It started with a sad clematis.
Then I noticed a lilac had taken over the party garden.
I decided to dig up the lilac and put the clematis in its spot, where it will get the sun it so desperately needs.
So I dug. And I pulled. And I snipped and clipped. And I dug.
This is after day 4. Party garden disrupted. Wall collapsed. Tools strewn about. Lilac stump not even budging.
This is after day 9. Looks like you could just pluck it right out of there, doesn’t it? . . . Nope
Finally, two weeks later, things are looking up. The clematis is still just a bitty thing on the trellis (right in front of the blue jungle gym). But we all have hopes for a better future.
I made my first real quilt this spring at the request of my eldest. birthday quilt
And I have been hooked ever since. My 1981 sewing machine did fine, but I needed more open space to shove all of that fabric through. After much soul searching and internet searching, I decided I wanted a better quilting machine.
Ta Da!! This work horse has been such a great addition to my sewing room. The yellow space above ( harp space) is only about 1/4 inch higher and a couple of inches wider than my old machine, but it makes a huge difference in the ease of sewing large projects. And it is so powerful and has such features . . .
My second quilt, for my brother’s 50th birthday, sports a fancy machine- embroidered date label.
The close stitching that I love was way easier with the bigger harp space in my new machine.
And right after I finished this quilt, I started another. I am a quilter.
Even though food is abundant this time of year, I still feed the birds. I like to see who’s new to the neighborhood.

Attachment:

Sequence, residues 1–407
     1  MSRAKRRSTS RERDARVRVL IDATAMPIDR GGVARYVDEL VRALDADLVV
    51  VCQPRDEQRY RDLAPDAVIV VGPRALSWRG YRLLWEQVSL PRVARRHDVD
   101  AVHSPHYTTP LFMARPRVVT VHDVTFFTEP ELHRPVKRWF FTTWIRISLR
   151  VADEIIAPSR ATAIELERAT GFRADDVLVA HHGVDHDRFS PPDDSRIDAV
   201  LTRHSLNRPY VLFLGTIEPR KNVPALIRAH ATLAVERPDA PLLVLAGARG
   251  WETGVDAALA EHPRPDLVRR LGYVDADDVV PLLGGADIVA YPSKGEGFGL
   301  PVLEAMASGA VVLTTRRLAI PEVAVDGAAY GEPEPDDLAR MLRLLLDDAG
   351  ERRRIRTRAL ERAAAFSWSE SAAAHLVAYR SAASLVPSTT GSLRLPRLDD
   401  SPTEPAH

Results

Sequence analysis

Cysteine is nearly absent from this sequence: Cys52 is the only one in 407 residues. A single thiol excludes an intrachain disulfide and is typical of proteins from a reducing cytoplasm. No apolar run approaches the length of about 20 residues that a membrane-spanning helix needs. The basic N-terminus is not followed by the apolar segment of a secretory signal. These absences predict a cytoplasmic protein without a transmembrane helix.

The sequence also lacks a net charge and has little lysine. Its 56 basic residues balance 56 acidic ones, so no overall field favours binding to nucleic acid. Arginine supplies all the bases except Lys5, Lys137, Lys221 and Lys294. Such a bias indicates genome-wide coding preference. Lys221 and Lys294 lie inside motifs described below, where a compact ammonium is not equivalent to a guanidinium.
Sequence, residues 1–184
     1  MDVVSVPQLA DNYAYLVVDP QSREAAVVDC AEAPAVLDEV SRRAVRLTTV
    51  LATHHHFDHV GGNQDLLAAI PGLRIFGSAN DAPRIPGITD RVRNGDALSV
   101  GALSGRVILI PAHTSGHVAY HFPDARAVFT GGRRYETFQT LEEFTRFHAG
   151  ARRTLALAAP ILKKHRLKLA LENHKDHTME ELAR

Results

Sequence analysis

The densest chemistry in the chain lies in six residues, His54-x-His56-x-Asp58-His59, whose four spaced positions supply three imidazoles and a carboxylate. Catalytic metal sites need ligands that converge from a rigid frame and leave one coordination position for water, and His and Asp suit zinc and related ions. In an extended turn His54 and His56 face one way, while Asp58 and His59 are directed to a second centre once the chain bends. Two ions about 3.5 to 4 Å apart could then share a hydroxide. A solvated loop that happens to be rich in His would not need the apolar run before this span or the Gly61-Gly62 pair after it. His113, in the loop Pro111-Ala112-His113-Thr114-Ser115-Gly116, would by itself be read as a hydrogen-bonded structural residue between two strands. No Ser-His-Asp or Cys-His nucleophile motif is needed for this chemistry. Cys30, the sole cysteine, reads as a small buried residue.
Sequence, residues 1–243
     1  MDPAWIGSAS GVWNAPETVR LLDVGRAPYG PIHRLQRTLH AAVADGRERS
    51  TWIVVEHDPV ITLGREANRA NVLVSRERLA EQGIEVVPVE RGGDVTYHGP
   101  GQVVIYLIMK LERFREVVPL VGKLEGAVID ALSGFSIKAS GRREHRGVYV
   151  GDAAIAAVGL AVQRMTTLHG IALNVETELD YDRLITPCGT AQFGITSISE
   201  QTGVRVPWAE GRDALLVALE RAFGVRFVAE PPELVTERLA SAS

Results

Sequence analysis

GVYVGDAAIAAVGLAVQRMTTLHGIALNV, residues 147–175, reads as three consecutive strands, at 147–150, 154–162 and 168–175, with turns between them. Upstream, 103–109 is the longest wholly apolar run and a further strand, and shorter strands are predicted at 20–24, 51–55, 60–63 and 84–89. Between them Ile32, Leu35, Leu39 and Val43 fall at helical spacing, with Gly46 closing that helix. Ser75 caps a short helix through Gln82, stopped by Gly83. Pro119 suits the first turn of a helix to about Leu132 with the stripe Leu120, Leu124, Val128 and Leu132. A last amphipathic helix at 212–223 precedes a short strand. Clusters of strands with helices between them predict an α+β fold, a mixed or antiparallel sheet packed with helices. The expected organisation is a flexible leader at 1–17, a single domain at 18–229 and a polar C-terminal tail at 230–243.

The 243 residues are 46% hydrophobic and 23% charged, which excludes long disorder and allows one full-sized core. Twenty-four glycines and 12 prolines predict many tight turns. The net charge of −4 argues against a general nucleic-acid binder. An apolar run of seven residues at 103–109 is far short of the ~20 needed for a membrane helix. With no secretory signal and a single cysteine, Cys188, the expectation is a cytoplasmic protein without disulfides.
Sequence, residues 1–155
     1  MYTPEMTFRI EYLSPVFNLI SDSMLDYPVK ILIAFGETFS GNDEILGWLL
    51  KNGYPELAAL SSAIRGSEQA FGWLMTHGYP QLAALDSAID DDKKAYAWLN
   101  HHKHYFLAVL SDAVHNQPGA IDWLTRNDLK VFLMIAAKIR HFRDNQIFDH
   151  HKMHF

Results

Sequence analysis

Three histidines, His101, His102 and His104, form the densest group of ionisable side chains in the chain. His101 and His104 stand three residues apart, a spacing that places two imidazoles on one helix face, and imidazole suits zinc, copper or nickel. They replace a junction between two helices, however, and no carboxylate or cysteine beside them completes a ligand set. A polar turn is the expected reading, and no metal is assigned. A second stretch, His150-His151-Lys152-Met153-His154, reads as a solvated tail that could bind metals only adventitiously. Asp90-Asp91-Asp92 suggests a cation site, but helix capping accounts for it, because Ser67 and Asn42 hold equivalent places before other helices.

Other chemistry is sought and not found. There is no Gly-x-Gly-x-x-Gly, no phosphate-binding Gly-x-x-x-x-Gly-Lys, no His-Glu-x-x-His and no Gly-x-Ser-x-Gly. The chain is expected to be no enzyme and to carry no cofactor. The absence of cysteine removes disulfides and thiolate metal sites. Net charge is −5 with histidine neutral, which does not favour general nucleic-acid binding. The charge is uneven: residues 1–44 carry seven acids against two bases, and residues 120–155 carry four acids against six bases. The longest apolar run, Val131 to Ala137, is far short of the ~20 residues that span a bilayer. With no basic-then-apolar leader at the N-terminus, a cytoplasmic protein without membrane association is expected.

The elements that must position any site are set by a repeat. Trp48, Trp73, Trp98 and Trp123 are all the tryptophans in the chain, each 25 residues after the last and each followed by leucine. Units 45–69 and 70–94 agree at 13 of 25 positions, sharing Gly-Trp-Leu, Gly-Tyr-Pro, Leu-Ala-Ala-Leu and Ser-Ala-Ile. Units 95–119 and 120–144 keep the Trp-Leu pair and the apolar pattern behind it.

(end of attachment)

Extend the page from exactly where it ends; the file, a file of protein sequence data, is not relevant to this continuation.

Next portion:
Mr. Chill is one of five young squirrels who keep me entertained. He spends most of his time flat on his belly in an overstuffed daze.
This is a young red-bellied woodpecker. We’ve had year-round residents for several years, and this is the second time that I’ve seen them with young.
And this little beauty is an indigo bunting. I’d only ever seen one in my life, and when my mom saw him in my very own backyard without me, I was a tad jealous.
Thankfully, he stuck around. I noticed that he ate the inexpensive seeds that I don’t usually buy – so I just keep feeding him that. He’s been here for weeks, but I am still excited to see him every time.
I first noticed the gardening term “volunteers” while reading a novel. I immediately took it and made it my own. I pictured little seeds jumping up and down, raising their hand: “I’ll grow! I’ll grow!”
My lemon balm sends volunteers all over the yard, as does my catnip. Sometimes I let them be, but usually I relocate them to a place that pleases me more.
The native sedum that my brother planted in my mom’s yard (that I stole a piece of) is spreading everywhere. Here I put a clump on an old stump. It’s happy as can be.
This crepe myrtle started a few years back beneath the mother tree. I transplanted it to fill up an empty corner.
But this yucca is the best volunteer ever. It came from a neighbor’s yard, I suspect, because I have not seen one elsewhere. It flew over the street and plopped down in the perfect place in the corner of a street garden.
The week did not start out as promising. . .
and smothered sedum.
But the cherry tree has a blossom. . .
And that tells me to put out the hummingbird feeders. . . Spring is here in South Jersey.